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A courageous step ‘I am going to do what I said I would do’

  • Published
  • By By Chief Master Sgt. Joshua Trundle, 501st Combat Support Wing command chief

Pathfinders, as we start the New Year, let’s set our sights on being courageous. The great thing about the military is all the incredible possibilities afforded to you, as long as you are willing to take them when offered.

Regrettably, I have witnessed missed opportunities that range from turned down leadership positions to shrugged off special duty assignments. I get it, being out front or making a career change is difficult. Simply put, it takes courage! A quick personal story to this point.

Back in 2008 (yeah, yeah…so long ago), Master Sgt. Pickett, my shirt at the time, was doing her best to mentor me about what it meant to wear the Diamond. I can recall to this day how she took time out of her busy schedule to encourage me to step away from my primary job as a firefighter and join the proud senior non-commissioned officers who decided to wear the distinctive chevron. I was afraid to take the leap, anxious that it would stifle my career, and slow down promotions; but even more so, I was nervous about filling such an important role.

It took another two years before I committed to becoming a First Sergeant. I had been a Master Sgt. for a couple years at this point and was eligible to test for advancement to senior master sergeant (yes, we used to take a test). Although I knew my chances were slim, my score sheet indicated that the following year I would have a great chance at making it. Wow, here I am about to PCS and in the process make a career change in the face of an almost guaranteed promotion just 365 days away if I stayed on the current path.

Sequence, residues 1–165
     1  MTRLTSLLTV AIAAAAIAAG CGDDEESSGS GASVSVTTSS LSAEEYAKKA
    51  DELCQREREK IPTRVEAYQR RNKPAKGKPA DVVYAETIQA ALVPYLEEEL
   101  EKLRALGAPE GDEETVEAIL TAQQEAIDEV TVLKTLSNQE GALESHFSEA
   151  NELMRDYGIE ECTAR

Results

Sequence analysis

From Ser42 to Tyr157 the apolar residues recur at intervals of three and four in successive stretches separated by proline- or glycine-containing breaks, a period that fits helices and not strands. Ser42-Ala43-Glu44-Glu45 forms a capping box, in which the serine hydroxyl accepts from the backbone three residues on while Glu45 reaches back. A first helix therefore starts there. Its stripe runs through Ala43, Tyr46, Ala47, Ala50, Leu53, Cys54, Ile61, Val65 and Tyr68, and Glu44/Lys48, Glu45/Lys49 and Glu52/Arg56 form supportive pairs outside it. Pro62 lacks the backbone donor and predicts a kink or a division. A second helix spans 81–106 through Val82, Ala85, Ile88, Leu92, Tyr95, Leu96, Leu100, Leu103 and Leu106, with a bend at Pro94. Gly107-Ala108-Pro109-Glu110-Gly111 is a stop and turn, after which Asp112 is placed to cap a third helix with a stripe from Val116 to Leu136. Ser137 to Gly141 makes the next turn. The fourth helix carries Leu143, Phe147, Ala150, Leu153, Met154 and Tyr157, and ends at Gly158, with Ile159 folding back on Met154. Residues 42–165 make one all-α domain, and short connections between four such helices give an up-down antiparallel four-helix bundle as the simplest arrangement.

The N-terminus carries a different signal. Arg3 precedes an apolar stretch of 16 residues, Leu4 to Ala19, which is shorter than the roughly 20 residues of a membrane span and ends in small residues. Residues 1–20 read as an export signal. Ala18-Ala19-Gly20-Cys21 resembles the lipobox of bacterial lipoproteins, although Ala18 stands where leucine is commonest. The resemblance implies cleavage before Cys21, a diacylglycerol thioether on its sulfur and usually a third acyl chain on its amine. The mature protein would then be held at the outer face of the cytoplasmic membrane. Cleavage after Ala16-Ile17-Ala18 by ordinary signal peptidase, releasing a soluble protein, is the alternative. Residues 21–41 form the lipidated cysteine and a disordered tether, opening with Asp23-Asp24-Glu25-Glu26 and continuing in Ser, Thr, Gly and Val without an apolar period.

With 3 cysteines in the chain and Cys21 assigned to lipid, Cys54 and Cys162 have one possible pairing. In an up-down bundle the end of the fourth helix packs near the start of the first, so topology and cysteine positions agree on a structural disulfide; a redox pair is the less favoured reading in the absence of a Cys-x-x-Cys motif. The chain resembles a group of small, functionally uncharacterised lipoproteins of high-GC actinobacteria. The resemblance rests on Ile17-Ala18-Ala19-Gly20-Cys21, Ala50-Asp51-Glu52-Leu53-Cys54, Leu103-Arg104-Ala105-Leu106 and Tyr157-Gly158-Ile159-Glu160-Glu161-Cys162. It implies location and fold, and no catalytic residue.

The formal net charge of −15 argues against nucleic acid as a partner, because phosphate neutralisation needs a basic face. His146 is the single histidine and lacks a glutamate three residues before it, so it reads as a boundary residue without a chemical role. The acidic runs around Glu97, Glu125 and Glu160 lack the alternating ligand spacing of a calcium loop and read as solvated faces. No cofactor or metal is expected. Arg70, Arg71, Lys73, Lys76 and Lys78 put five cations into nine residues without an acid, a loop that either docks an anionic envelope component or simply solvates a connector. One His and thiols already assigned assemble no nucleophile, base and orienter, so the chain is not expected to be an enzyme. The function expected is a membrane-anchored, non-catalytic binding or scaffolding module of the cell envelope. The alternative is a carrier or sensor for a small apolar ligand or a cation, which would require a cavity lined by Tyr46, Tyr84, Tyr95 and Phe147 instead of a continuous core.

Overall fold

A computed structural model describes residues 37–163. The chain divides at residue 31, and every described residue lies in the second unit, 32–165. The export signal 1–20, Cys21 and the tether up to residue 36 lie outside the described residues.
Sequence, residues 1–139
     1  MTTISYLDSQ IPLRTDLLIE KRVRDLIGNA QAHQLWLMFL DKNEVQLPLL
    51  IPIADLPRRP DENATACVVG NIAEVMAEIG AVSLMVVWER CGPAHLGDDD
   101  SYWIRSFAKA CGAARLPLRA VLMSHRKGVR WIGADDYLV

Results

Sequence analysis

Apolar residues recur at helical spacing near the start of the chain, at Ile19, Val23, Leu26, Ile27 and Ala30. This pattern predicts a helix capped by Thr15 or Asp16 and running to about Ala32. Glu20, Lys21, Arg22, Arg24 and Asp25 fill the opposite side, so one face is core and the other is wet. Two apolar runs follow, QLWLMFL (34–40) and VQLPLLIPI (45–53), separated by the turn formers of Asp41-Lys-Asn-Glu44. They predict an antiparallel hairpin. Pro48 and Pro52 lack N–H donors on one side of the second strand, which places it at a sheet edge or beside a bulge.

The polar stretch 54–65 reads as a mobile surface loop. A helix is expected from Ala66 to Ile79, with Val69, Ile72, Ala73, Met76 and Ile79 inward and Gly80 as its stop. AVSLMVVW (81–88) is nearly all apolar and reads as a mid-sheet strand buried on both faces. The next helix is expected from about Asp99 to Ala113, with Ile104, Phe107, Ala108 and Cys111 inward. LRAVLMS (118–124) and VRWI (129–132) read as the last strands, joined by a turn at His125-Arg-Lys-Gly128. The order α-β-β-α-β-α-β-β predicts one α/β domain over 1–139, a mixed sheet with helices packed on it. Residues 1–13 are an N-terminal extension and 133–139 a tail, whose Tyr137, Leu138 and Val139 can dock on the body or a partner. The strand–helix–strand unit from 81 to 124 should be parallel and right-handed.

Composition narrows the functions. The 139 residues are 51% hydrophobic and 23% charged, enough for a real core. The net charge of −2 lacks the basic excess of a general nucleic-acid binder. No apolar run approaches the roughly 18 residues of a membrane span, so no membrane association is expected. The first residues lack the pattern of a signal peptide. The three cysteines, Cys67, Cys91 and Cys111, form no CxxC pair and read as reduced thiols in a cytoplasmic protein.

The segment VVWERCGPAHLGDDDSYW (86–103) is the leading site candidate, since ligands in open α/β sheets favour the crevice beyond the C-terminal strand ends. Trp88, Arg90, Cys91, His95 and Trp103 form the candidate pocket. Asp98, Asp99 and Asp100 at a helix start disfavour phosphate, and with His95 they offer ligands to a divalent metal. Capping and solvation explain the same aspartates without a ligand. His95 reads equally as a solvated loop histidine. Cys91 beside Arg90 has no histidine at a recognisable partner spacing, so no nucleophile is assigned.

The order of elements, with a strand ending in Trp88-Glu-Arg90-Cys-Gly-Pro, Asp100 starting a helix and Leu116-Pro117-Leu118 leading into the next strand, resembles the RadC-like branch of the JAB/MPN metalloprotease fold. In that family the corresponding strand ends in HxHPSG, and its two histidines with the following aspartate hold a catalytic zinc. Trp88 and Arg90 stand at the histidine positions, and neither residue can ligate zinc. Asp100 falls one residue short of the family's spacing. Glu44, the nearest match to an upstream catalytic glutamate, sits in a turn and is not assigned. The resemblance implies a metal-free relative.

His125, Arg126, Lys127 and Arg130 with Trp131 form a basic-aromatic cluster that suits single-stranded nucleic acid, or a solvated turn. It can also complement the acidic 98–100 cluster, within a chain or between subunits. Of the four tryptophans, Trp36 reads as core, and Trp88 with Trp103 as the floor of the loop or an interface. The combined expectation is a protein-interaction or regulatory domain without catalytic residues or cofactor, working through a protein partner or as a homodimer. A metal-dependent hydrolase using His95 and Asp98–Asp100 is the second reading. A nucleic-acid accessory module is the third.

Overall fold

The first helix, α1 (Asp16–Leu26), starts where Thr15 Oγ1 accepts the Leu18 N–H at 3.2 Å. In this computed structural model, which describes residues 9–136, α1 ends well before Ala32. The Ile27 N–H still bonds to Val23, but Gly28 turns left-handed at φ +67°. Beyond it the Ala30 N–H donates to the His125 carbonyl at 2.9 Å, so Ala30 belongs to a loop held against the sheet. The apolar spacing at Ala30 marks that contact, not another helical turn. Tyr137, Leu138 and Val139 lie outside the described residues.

I remember my Chief inviting me to his office at that time and he said, “Josh, if you want, we can pull your first sergeant assignment.” There it was, the easy way out. He was going to pick up the phone and make it happen. An overwhelming feeling of obligation came over me. I cannot do that, I made a commitment. My reply, “I am going to do what I said I would do.” I had no idea the doors that decision would open at the time.

You see, that personally courageous moment standing in the Chief’s office led to where I am today. I could have never known that just a year later I would meet my future boss during a deployment. Taking that opportunity led to a chance meeting with Col. Brian Filler, who was a major at the time and now our wing commander. A relationship that began over a decade ago was the spark that lit the way to becoming your command chief.

So Pathfinders, when you have opportunities in front of you don’t be afraid to take the leap. I encourage you to be be courageous...You never know where it will take you.Pathfinders, as we start the New Year, let’s set our sights on being courageous. The great thing about the military is all the incredible possibilities afforded to you, as long as you are willing to take them when offered.